Analogies between the built environment and scientific frameworks are abundant. Likening urban systems to ecological ones is perhaps not surprising given society’s dependence on nature for its existence. In one such relatively recent turn in urban thought, the idea of resilience draws from an ecological discourse to support planning efforts that promote stability. In the face of an external threat, resilience is defined as the ability to return to a previous state or to evolve into a new state. How the system that resilience is applied to is defined, where its limits are drawn, who the actors are who fall within that system, and the timeframe in which we are seeking to intervene are all open questions. This project focuses specifically on resilience planning in the face of climate change by identifying the effect of sea level rise on the California coast.
The two primary causes for sea level rise include the melting of ice and thermal expansion. An increase in global mean temperature accelerates the rate of melting for glaciers and polar ice caps beyond what the historic mean rate has been. Snowfall and rainfall in the rest of the globe are sparser, causing an imbalance in precipitation on the planet. This imbalance is reflected in a rapid increase in the ratio of runoff to ocean evaporation, causing a rise in sea levels. Moreover, ice streams through these areas, a result of meltwater from higher altitudes and seawater from below, are more frequent across the ice sheets. These streams, coupled with high temperatures, cause ice sheets to melt from below, with large chunks breaking off and melting more rapidly than if they remained connected to the continental ice sheets. Common policy questions by jurisdictions facing sea level rise involve identifying the appropriate level of protection. Typical adaptation strategies include a hard infrastructure edge against rising sea levels, which has the following negative impacts: it cuts people off from the ocean, reducing access to a social and cultural amenity, and destroys environmental habitats that are unique to land/ocean interactions.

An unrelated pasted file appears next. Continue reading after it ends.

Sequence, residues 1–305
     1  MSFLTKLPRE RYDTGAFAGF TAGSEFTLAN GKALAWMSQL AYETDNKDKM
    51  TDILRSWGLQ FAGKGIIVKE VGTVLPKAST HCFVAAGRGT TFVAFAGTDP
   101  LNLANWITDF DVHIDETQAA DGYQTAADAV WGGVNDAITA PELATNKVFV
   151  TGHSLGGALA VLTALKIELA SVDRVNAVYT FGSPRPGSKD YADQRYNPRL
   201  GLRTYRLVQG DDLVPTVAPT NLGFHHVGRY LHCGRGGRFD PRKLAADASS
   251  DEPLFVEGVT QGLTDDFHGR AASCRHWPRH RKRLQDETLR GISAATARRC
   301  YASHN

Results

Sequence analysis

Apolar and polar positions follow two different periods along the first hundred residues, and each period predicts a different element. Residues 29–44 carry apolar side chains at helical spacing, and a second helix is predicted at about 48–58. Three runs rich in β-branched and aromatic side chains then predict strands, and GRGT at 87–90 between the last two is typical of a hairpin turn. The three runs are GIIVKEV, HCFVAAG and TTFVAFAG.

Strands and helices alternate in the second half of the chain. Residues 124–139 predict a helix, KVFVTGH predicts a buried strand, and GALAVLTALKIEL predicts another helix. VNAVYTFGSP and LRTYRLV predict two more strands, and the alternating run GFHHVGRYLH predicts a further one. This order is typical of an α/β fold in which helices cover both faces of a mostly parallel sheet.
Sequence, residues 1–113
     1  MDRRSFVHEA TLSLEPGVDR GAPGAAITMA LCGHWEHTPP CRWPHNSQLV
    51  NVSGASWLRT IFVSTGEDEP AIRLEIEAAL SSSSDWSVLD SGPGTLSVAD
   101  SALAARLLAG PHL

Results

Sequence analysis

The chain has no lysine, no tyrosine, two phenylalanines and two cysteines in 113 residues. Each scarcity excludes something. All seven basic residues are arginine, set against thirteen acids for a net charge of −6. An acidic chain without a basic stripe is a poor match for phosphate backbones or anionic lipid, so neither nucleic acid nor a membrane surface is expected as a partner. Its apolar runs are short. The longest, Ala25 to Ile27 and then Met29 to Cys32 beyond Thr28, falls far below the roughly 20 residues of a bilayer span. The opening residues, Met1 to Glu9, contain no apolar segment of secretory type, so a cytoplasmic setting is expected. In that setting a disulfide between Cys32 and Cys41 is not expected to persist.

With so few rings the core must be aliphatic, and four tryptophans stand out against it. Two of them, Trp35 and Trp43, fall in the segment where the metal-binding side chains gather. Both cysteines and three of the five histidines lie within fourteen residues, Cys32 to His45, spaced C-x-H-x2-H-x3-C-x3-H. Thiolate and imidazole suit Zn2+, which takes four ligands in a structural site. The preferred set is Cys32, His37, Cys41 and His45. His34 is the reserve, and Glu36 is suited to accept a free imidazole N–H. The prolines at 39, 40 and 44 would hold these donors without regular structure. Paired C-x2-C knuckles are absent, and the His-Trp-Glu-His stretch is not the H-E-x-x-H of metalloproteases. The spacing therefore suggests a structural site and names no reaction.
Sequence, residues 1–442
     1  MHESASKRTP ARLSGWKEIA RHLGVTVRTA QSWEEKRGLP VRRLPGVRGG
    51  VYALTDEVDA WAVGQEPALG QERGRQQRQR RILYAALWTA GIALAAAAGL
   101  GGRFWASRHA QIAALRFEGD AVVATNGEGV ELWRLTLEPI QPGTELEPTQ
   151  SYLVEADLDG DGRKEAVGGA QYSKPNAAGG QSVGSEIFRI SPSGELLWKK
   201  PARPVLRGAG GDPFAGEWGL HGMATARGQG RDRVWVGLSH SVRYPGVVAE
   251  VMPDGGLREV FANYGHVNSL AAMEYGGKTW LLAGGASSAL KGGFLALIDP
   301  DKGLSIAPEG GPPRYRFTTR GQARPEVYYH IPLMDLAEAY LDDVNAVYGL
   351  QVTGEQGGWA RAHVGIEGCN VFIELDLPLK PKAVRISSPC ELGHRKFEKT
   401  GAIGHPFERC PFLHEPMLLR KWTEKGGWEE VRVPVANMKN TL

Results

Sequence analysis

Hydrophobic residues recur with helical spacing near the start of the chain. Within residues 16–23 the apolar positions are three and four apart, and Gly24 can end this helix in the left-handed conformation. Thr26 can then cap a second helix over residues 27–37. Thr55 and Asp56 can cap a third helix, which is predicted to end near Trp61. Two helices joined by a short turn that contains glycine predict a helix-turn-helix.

The California Coastal Commission and the California Natural Resources Agency, two leading institutions in disseminating scientific findings on climate change and the California coast, tend to focus on the precise amount of expected sea level rise along the coast. When identifying locations of intervention, jurisdictions tend to look solely at the effect sea level rise will have on the built and natural environment without differentiating between the different types of buildings, or the different qualities of the natural environment, that will be affected.
This research effort proposes that such differences, particularly in building type, are significant in assessing the effect of sea level rise on the California coast. Specifically, it looks at the effect of sea level rise on industry and infrastructure, from wastewater treatment plants to energy production and distribution. Rather than beginning the study by understanding the impact of sea level rise on densely populated cities, the study takes as its initial point of interest those locations where sea level rise is most pronounced and proceeds by seeking to find how those conditions overlap with the presence of industrial production and/or processing.